Smart TV’s, smart thermostats, smart appliances, and smart wine dispensers are redefining the smart home market. Zpryme in partnership with Nest Labs, recently surveyed more than 150 energy providers to learn more about major trends and devices shaping the connected home market. Although the current focus is primarily on products and services for the connected home, technology companies are focusing on the data driving these products and what the data can tell us about the consumers who use them.

Key Findings

Before looking at how the data from smart home technology will be leveraged in the future, I wanted to provide some data from our recent report on connected home products and services.

  • Fifty-two percent of utilities said that the importance of smart home programs will increase significantly over the next 3 to 5 years.

Figure 1. Change in Importance of Smart Home Programs in Next 3 to 5 Years

  • Utilities cited smart thermostats, smart water heaters, smart lighting, and smart appliances as devices most important for the connected home.

Figure 2. Most Important Connected Home Devices in Next 3 to 5 Years

  • Top challenges facing the smart home market were cited to be business case ROI, security/cyber security, technology availability, and the business model.

Figure 3. Challenges for Investing in Connected Home Products/Programs

Amazon, Google, and Apple Want Your Data

The survey results above clearly show a major push into smart home products and services among utilities, but major technology providers are not being shy about their quest to dominate the smart home market. Much of the hype is currently about the devices: Amazon EchoApple HomePod, and Google Home. However, the ability to own, curate, and monetize home user data are the core drivers of the smart home movement.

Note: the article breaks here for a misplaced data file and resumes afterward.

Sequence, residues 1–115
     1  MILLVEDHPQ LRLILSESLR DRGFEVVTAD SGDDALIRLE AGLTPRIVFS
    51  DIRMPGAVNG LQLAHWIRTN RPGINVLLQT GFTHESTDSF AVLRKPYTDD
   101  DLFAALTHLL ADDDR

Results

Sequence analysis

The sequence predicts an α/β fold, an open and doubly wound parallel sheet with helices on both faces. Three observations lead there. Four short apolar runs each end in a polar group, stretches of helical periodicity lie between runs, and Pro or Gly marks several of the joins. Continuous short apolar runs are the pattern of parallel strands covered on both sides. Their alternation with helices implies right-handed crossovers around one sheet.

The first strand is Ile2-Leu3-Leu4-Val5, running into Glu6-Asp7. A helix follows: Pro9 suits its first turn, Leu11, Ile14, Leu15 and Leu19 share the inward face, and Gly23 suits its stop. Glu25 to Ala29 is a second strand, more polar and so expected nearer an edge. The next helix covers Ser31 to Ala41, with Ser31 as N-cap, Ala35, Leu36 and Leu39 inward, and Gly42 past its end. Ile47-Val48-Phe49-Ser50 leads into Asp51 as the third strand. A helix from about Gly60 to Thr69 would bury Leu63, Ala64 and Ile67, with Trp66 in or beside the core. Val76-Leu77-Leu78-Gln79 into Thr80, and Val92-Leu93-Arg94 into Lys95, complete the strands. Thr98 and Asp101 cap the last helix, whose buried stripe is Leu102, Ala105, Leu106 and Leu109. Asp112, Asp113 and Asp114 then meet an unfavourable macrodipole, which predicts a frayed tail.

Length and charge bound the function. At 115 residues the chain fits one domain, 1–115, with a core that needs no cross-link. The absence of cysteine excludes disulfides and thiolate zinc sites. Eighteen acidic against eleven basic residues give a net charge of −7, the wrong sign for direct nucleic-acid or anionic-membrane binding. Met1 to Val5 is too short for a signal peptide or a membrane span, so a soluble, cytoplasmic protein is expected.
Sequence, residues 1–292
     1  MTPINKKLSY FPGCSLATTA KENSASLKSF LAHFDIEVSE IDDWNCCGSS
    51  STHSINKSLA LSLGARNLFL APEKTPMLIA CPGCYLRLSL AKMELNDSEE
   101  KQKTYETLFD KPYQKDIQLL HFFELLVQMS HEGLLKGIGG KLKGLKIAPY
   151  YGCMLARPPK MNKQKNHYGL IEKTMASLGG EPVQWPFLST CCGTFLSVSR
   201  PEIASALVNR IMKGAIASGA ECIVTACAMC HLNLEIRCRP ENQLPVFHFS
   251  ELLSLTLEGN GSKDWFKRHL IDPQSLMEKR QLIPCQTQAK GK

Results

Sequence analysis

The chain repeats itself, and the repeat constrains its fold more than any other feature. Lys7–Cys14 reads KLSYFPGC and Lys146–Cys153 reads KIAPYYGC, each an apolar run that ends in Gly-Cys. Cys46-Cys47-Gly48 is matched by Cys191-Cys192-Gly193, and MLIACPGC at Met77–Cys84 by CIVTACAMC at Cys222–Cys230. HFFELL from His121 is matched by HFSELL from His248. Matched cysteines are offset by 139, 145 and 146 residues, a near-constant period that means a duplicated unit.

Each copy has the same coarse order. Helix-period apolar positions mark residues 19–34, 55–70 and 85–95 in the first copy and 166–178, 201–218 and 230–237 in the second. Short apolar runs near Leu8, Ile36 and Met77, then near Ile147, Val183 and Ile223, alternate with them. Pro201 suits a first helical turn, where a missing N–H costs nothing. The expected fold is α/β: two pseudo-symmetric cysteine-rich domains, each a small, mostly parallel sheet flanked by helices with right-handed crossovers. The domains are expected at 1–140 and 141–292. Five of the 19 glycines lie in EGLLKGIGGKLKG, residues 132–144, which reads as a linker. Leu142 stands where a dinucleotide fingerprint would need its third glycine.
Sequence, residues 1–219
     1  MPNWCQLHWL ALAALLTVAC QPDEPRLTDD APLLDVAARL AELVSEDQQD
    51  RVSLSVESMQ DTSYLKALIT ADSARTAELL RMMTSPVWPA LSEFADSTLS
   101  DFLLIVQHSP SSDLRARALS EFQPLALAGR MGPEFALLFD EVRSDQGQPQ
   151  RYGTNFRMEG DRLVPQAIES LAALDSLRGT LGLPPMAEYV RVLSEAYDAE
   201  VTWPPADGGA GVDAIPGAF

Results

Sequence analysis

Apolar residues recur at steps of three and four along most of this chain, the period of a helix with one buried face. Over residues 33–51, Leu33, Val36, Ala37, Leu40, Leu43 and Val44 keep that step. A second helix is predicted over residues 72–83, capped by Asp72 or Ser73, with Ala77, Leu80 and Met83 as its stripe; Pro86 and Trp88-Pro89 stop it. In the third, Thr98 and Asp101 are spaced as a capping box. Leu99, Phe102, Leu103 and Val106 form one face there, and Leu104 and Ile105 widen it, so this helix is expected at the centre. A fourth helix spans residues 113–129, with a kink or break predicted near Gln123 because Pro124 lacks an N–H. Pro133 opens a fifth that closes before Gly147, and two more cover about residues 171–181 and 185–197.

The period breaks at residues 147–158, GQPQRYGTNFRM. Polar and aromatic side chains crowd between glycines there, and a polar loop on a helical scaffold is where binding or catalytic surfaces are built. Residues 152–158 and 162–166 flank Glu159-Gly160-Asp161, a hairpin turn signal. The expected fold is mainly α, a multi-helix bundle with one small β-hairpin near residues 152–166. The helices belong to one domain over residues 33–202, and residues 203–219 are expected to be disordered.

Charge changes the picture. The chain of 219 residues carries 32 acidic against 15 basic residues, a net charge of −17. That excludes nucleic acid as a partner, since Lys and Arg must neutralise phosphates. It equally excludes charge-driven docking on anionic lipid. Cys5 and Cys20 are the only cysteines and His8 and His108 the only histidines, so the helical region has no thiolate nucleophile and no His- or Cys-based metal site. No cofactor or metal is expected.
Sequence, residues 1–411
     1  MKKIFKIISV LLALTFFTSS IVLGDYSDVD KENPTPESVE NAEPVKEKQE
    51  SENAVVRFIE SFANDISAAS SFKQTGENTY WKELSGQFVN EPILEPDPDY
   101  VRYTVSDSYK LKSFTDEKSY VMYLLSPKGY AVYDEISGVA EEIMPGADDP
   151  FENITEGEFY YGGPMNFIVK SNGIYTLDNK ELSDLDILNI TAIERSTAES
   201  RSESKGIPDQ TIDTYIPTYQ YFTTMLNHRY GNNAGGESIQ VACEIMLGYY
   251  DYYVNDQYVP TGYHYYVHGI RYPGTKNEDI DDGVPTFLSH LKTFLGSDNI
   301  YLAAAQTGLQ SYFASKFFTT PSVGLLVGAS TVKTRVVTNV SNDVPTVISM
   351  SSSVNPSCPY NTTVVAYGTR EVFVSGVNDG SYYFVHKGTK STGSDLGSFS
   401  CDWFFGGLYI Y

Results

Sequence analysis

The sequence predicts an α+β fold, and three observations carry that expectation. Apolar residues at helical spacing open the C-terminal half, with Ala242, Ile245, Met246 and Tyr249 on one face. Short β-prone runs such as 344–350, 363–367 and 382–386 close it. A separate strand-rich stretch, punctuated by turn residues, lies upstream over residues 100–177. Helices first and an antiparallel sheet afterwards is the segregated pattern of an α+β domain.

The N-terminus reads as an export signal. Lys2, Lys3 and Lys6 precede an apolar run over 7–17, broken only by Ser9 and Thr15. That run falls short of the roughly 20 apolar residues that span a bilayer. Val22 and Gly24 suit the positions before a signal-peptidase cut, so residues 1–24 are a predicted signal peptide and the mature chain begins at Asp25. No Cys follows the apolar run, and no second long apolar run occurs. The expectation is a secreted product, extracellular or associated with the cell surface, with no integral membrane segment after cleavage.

Detailed user data among products, user behavior, and economic behavior from within the home is a relatively untapped data market. Whoever can tap into this data stream will hold the keys to the future of data monetization. A few future use cases could entail:

  • Hospitals will be able predict when and how frequent emergency room visits will be based upon home user demographics and eating habits;
  • Insurance companies could use this same data to offer tailored packages based upon the risk of certain conditions in a community;
  • Utilities will all be able to leverage home user and device data to tailor DER or EV solutions based upon “green” or “clean tech” tendencies of certain communities;
  • Employers will be able to use home user data to optimize and predict if an employee is a strong fit for a telecommuting position.

I’m sure data models are being tested on these exact things (above). The more we recognize that data are the centerpiece of the smart home value proposition, the more consumers and utilities can benefit from connected home products and services.

This article builds off of the connected home research and my recent article advocating that data are the currency of the future.

To learn more about the digital connection between consumers and technology check out Zpryme’s ETS18 taking place March 26-29 in Austin, Texas.